PIPER J-3 CUB
Lightweight exact scale model of the Cub, featured in the May and September 1986 issues of Scale R/C Modeler. Three plans sheets (36 square feet) show gas and electric powered versions with complete scale detail, including working bungee cord landing gear (a wire landing gear is also included for those who prefer the simple life), a three view of the cabin step, and complete detail of the Continental A65-8 engine including parts detail and three views of the installation. The structure is based on Piper drawings and faithfully follows the full scale airplane, with proper rib locations and duplicate fuselage framing. The airfoil is the USA-35B the Cub really used, not the lower lift Clark Y that most Cub kits use. 22 pages of detailed building instructions and photos are included so that a beginning scratch builder will be able to handle this project successfully. A materials list is included.
With an OS .30 2-stroke and Colortex covering the Cub will weigh 3.5 pounds and have an ecstatic climb. For more scale like performance and sound an OS 20 four stroke will fly it well, even allowing operation on floats. At 3.5 pounds the wing loading is 11 ounces per square foot. My heavyweight "full scale" Cub first had an OS 40 Four stroke, five servos (one for the scale trimming stabilizer), and acrylic enamel finish over Colortex fabric. It weighed 4 pounds 11 ounces with the 40 4-stroke and flew very well, with a very gentle Cub-like stall. The OS 40 didn’t like the inverted installation I chose in order to keep the engine hidden so I now fly it with an OS 25 FSR with the Davis Diesel conversion which I like very well using a 12-4 to 12-6 propeller. This combination weighs just a little over 4 pounds and allows a very slow and reliable idle in the inverted installation.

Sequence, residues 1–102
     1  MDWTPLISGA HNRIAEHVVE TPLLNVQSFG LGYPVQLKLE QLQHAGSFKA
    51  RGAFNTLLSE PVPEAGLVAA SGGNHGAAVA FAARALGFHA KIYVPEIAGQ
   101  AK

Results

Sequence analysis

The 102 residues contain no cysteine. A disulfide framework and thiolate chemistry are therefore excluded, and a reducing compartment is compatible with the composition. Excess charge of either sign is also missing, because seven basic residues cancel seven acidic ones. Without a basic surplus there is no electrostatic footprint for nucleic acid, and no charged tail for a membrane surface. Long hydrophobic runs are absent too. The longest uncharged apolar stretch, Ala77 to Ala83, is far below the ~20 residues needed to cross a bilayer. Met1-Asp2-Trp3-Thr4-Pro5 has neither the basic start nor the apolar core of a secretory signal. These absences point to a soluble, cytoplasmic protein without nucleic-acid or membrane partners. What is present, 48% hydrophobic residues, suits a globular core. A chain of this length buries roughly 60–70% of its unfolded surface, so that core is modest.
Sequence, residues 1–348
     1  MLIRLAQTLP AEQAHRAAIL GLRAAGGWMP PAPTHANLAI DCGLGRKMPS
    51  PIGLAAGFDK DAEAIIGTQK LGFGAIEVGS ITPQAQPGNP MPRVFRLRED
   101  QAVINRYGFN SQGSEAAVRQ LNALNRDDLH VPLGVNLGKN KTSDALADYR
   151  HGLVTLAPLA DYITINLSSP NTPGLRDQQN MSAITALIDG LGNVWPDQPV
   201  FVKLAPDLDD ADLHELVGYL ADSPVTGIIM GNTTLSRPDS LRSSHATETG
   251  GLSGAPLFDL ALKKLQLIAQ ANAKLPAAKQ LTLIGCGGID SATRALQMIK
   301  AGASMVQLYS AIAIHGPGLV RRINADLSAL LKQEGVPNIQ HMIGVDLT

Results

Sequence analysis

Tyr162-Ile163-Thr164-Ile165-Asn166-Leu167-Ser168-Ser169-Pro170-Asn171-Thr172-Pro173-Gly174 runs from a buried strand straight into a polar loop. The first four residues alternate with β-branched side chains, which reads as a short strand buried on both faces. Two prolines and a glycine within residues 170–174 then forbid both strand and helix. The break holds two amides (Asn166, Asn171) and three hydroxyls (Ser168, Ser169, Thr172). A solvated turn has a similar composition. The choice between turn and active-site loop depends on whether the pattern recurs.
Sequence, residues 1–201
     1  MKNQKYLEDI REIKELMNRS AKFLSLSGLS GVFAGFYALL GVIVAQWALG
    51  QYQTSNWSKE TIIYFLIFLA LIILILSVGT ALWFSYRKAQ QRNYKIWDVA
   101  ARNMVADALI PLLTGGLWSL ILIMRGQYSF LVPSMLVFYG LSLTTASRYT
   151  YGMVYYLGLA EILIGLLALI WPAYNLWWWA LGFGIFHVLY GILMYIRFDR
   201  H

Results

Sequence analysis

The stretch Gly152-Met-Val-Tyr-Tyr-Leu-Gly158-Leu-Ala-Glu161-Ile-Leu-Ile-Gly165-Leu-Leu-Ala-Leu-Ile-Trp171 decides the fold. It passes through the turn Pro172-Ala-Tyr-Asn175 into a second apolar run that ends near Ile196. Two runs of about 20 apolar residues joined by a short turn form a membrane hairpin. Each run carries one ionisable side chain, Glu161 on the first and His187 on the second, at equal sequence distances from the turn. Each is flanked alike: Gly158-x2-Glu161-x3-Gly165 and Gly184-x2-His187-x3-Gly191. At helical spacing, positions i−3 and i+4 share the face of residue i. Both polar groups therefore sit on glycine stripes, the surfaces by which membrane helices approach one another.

Span: 70.4 inches
Wing Area: 704 Sq. In.
Weight: 3.5 to 4.7 pounds
This photo was the centerfold in the September 1986 Scale R/C Modeler.
Partial plans for the J-3:
Golden Era Model Service
918 Third Street
Woodland, CA 95695
Chief Designer and acceptor of all blames and credits.
Golden Era Model Service Index page _________ John Eaton's Main Home Page